Coober Pedy is a remote town in South Australia with abundant solar radiation and scarce and low quality water, where a reverse osmosis (RO) plant has been operating since 1967. This paper evaluates the feasibility of powering the plantwith solar or photovoltaic (PV) panels while avoiding energy storage in batteries. Pilot tests were performed in October 2005 with a small scale PV-powered hybrid ultrafiltration-RO (UF)membrane filtration system. The performance of the system inCoober Pedy is presented over different operating conditions and two available brackish feedwaters. The systemhas been shown to tolerate well the power variation during clear sky days due to direct use of PV panels, producing 764 L of water per solar day with average specific energy consumption of 3.2 kWh m when treating the groundwater with conductivity of 7.4 mS cm. It has been concluded that a RO plant utilising UF pre-treatment and powered by PV panels without battery storage is a promising alternative for Coober Pedy to overcome currently high energy costs for the existing RO plant.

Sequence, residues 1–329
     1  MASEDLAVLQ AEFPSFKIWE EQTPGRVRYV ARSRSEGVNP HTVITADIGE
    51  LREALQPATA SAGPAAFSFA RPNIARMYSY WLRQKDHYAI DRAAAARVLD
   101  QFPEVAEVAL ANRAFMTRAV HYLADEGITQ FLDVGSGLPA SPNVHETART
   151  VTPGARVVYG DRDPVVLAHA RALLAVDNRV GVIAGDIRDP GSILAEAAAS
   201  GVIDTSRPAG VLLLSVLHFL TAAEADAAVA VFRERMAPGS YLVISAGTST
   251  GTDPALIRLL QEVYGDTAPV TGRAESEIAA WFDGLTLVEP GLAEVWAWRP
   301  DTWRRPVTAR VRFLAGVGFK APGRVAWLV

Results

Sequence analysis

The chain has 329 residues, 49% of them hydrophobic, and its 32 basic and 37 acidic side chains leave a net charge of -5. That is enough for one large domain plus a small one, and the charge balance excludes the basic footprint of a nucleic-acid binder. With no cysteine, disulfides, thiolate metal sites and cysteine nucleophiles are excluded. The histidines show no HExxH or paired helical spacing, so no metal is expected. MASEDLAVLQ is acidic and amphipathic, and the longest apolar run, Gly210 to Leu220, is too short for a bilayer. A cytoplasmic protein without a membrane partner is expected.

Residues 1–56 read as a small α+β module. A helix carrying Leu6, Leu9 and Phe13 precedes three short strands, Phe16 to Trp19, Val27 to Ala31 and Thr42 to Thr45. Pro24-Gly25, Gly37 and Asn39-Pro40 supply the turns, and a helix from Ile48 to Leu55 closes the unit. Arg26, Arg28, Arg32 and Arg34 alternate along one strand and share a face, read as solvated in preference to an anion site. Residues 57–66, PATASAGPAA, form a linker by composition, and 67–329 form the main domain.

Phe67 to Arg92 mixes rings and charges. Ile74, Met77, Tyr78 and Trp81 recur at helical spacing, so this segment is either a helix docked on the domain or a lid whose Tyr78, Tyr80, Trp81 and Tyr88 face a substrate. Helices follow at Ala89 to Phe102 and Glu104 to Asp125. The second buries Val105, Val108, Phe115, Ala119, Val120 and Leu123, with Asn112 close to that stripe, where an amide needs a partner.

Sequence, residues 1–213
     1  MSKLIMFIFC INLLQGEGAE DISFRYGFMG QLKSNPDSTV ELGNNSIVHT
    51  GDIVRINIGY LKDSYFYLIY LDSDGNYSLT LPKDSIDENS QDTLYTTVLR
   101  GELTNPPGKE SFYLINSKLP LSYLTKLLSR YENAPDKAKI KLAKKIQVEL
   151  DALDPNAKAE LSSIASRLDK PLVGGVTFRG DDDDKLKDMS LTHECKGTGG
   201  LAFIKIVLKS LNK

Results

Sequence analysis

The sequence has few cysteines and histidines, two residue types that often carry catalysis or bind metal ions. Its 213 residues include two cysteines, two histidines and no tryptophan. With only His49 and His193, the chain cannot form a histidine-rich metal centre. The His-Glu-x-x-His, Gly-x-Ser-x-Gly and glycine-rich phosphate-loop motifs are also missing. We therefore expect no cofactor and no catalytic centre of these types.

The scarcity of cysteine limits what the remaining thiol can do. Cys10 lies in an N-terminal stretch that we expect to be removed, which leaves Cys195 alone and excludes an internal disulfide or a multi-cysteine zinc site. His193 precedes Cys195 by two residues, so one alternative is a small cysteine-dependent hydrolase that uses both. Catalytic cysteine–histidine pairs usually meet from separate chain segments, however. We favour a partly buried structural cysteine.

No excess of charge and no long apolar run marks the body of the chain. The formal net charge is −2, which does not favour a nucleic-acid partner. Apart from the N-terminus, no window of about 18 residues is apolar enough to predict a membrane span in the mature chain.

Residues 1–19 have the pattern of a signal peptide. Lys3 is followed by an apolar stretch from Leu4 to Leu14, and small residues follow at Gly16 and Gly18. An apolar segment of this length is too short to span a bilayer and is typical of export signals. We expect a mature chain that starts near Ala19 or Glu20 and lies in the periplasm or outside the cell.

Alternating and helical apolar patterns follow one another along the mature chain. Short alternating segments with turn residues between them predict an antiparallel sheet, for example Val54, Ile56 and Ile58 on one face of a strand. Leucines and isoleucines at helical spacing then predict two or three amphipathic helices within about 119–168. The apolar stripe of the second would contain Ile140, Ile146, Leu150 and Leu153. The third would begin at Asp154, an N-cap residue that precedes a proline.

|Number of pages||11|
|Publication status||Published - 1 Jan 2009|